$970 million earmarked for regional Victorian transport

Full duplication of the Ballarat rail line remains a top priority.

Full duplication of the Ballarat rail line remains a top priority.

A $970 million windfall from the sale of the Port of Melbourne presents an opportunity to develop and strengthen transport between Ballarat and Melbourne.

A consortium led by the Queensland Investment Corporation has purchased the site for a massive, higher than expected sum of $9.7 billion, with 10 per cent of the lease proceeds set for regional expenditure where transport is a priority.

The sale in its totality will allow the state government to fast track metropolitan projects, however, it is regional areas which desperately need significant infrastructure investment and the lease proceeds would be well spent improving connectivity through the western growth zone towards Ballarat.

This year’s state budget allocation saw a $516 million commitment to revitalise the Ballarat to Melbourne rail corridor and Committee for Ballarat chair Janet Dore said continued rail investment remains the number one priority.

Ms Dore said improving Ballarat’s connectivity to Melbourne – both on rail and road – should be paramount.

“We still are looking for full duplication to the railway,” she said.

“(But) access to Melbourne also hangs on improving the roads.”

She said completing the $5.5 billion Western Distributor project, which would create an alternative river crossing to the West Gate Bridge, would reduce chronic congestion.

“We need a second river crossing  because the bridge is a big weak point,” she said.

“They’re the two big things for Ballarat.

The opening of the Caroline Springs Station next year will also place more pressure on the already overwhelmed rail line, but could strengthen the case for continued rail investment.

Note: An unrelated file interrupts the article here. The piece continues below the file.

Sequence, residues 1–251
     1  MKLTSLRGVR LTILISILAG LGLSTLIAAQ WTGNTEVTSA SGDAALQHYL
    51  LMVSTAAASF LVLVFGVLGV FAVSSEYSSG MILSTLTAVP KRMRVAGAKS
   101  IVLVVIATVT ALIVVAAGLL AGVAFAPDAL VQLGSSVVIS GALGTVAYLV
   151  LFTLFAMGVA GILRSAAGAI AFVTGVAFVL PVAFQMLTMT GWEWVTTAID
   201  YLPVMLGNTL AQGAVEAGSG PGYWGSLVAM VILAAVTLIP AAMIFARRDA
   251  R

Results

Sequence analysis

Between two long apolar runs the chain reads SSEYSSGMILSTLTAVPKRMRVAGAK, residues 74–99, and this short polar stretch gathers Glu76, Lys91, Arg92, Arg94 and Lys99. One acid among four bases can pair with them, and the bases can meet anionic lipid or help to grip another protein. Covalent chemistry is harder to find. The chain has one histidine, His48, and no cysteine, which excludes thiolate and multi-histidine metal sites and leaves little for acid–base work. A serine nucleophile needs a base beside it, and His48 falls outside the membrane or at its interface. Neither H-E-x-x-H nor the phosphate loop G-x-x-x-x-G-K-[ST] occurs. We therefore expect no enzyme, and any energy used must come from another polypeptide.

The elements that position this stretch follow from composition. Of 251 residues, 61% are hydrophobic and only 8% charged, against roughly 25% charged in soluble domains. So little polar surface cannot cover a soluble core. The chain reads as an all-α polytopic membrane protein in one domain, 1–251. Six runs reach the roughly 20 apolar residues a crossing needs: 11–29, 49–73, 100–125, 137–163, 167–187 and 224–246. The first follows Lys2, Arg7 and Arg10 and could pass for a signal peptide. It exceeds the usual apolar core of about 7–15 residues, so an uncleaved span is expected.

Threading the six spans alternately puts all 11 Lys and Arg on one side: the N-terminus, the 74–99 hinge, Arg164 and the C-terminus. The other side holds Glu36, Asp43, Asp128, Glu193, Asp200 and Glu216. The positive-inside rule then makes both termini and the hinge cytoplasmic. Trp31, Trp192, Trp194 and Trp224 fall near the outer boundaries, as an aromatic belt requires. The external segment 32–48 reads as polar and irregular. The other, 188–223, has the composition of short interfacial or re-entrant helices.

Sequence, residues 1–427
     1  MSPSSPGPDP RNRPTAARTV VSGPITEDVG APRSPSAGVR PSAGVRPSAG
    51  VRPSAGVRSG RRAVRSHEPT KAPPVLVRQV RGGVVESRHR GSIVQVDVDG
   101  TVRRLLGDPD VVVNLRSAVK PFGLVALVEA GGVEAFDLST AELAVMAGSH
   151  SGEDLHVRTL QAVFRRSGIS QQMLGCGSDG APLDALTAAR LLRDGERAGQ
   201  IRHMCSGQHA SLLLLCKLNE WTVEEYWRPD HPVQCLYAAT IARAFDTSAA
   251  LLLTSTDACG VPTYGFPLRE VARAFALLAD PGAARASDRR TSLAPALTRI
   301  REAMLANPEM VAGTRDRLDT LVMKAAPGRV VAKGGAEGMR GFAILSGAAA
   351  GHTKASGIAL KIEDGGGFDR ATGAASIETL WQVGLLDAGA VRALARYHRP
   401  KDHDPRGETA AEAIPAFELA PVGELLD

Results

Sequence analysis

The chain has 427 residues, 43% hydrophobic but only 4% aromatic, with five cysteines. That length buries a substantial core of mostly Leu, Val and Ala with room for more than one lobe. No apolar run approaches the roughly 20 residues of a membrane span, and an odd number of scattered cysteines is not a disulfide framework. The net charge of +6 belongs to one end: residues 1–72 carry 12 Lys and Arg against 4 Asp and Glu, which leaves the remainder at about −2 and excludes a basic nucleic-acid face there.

Melbourne needs an alternative access point to the West Gate Bridge.

Melbourne needs an alternative access point to the West Gate Bridge.

The state government did not respond when asked if full duplication of the Ballarat line was part of considerations when contacted by The Courier on Wednesday.

The fund will go through a budget process and be distributed based on importance and need, but it’s understood the finalised Infrastructure Victoria 30-year plan will be pivotal in establishing priority projects.

The IV plan, which was released earlier this year, mentions a number Ballarat-related projects – most notably the electrification of the rail line to Melton. The report said that electrification to Melton “has merit”, but the concept either was not “well developed enough to undertake a full assessment, or (was) sufficiently developed but (has) not yet been assessed against this need”.

The plan also poured cold water over train services between Ballarat and Geelong, which is a popular idea given the existing rail line between the two cities.

Committee for Ballarat chief executive Melanie Robertson echoed Ms Dore’s sentiments about the need for more rail investment, but also said Ballarat to Geelong trains wouldn’t be in the “top five” needs for the region.

She also highlighted a need for more agricultural support, with the Port of Melbourne lease to create a $200 million agricultural fund to create jobs and boost exports.

“Ballarat is being touted as the capital of western Victoria (and) we need to add value to our agricultural sector,” she said.

“Agriculture in rural areas has to be strong for Ballarat to be strong.”

Meanwhile, City of Ballarat city services general manager Terry Demeo said funding would boost the prospects of the Ballarat West Employment Zone.

Key projects outlined by council include the an intermodal freight hub to service the BWEZ, which would cost $25 million, as well as planning and construction of the second stage of the Ballarat Link Road ($125 million),  to alleviate pressure on the city’s western road network.

“We genuinely believe they would sit comfortably within the general criteria that the state has put out,” Mr Demeo said.